Flower

Today one of our dogs, Flower, died quite unexpectedly. The wife and I have always been incredibly soft hearted with animals and Flower was no exception to this. She was ten years old when she died but we’d only had her for five years. Each of our dogs is either re-homed or rescued and we actually bought Flower from a breeder who had relentlessly bred her then decided to get rid once it was apparent she was all used up.

Flower, probably preparing to bark at something nobody else could see, smell, taste or touch. She would bark in a similar manner if she wanted to share your dinner. Which she did, every single day.
Flower, probably preparing to bark at something nobody else could see, smell, taste or touch. She would bark in a similar manner if she wanted to share your dinner. Which she did, every single day.

When we took her home she was a shy and quiet dog. She was also underweight, had one eye which was already being ravaged by pigmentary keratitis to the point she only had peripheral vision. She also had a heart murmur and was constantly bleeding due to the fact her insides were in tatters. Clearly she had feeding issues too as she was forever foraging in bins and stealing food where possible. She also didn’t seem to know what getting a cuddle was all about and would sit in your arms for a maximum of twenty seconds or so. All in all it didn’t look too great for Flower.

Within a month she’d been spayed (it was the vet herself who remarked on Flower’s womb being “in tatters”), was gaining weight, and started to become to loving little dog we came to know and love. In her last months her back legs were an issue due to both arthritis in one and a neurological condition exacerbated by a fall causing some wobliness on both. Regardless though she still played with the other pugs, ate, got all giddy at the drop of a hat in fact most of what you’d expect of a slightly younger dog let alone a near ten year old with all her issues.

About four days before this writing she developed a slight cough and seemed not quite herself. First the vet tried a painkiller injection in case her leg was bothering her and said the cough should be monitored. Flower did indeed perk up a little after that but the cough was still there. A return visit to the vet was in order as the cough hadn’t worsened but her breathing did seem a little laboured. An upper respiratory infection was diagnosed and after a shot of anti-biotics it was back home. On the morning of this writing she seemed quite off colour and by the afternoon she’d had a kind of “attack” which saw her collapse and pant heavily.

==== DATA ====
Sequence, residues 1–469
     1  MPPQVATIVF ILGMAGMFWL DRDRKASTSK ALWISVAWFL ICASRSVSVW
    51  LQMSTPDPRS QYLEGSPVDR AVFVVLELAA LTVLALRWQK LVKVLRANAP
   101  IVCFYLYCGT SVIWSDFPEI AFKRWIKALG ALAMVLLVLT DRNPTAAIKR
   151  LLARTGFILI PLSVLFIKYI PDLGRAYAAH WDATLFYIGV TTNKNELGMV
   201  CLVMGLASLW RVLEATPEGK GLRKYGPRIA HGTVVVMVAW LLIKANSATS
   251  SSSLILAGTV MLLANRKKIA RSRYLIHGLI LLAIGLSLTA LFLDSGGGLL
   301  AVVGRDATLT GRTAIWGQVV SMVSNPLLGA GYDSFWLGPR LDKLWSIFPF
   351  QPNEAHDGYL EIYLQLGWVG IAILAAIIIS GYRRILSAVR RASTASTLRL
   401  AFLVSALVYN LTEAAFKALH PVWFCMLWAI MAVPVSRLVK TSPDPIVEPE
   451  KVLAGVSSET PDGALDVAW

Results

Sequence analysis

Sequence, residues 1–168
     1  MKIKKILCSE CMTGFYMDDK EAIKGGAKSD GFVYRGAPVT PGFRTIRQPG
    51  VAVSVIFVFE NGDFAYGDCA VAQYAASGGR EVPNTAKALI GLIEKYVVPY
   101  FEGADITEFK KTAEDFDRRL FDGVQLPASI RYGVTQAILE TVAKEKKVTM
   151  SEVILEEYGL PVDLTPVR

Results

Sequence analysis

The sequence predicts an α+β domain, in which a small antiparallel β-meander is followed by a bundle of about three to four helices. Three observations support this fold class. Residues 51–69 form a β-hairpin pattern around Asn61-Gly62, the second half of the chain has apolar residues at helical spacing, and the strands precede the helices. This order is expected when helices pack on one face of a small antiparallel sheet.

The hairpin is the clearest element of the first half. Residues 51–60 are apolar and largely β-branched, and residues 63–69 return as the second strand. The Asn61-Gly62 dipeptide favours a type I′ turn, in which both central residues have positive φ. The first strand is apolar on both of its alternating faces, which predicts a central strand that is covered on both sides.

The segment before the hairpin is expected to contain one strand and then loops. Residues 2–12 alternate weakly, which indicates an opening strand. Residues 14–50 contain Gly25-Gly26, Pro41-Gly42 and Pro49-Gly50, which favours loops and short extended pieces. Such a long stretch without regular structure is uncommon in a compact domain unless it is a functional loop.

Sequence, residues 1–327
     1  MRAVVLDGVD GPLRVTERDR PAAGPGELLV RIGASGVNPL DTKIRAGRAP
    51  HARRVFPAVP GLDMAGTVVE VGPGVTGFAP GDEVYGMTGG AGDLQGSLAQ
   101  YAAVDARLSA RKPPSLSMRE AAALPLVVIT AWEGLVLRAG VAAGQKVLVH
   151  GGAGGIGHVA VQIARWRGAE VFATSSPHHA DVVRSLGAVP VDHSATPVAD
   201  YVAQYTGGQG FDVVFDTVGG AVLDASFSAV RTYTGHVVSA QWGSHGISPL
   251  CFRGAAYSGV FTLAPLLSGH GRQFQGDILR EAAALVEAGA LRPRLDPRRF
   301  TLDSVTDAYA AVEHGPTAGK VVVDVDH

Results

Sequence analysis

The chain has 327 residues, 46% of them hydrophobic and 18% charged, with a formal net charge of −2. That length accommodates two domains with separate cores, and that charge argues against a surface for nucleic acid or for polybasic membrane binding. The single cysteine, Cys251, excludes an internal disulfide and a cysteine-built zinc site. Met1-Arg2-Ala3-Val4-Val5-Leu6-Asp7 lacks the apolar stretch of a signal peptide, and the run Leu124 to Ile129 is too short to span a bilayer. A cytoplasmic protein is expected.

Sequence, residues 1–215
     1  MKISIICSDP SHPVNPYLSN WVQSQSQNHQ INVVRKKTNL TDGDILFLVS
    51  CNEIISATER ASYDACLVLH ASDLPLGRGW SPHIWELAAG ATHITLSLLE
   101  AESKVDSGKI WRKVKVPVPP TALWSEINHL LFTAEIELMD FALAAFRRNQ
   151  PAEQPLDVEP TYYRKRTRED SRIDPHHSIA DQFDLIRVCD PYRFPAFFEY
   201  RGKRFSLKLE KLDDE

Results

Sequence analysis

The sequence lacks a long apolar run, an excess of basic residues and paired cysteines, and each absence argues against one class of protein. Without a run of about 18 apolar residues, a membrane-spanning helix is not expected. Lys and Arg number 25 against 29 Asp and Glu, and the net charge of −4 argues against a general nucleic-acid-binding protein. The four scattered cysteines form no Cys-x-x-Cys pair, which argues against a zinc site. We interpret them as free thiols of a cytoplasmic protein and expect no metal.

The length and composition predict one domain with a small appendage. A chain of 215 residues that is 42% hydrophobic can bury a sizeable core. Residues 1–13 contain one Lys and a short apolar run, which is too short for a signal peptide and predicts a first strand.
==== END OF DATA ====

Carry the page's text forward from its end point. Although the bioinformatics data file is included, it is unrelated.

At the vets they decided there was a heart issue and her liver seemed enlarged. After the consultation we agreed she should be placed on oxygen, have an ECG, and get

whatever treatment was required. I left Flower at the vets and no sooner had I gotten home than there was a call. Flower had died of a heart attack just a few minutes after I’d left. We were later told the vet spent eighteen minutes trying to revive her. It was no good, Flower couldn’t take anymore.

In the five years we had her we watched her blossom. We’re no good at discipline and training in this house but we’re pretty damn great at spoiling and loving. She lived a full life in those five years and for that I’m grateful. We’re going to miss her so badly though.

Flower really came into her own before long and was a wonderful, happy, and cheeky dog.
Flower really came into her own before long and was a wonderful, happy, and cheeky dog.

I’d like to close with a short bit about pugs in general and I hope this doesn’t sound too preachy. If you like pugs and you’re thinking about buying one, please don’t. Don’t

get me wrong, they are a wonderful and special breed and full to the brim with character. Sadly, like many pedigree dogs, they suffer from some awful ailments. We have three pugs now but we’d never buy one to perpetuate the breed. If you really need a pug then rescue or re-home one. Yes, it might well break your heart sooner and you can be damn sure it will wind up costing you most likely more than you’d spend on a “fresh” one but you won’t be continuing the cruelty that is breeding poorly animals for little more than visual appeal.

H

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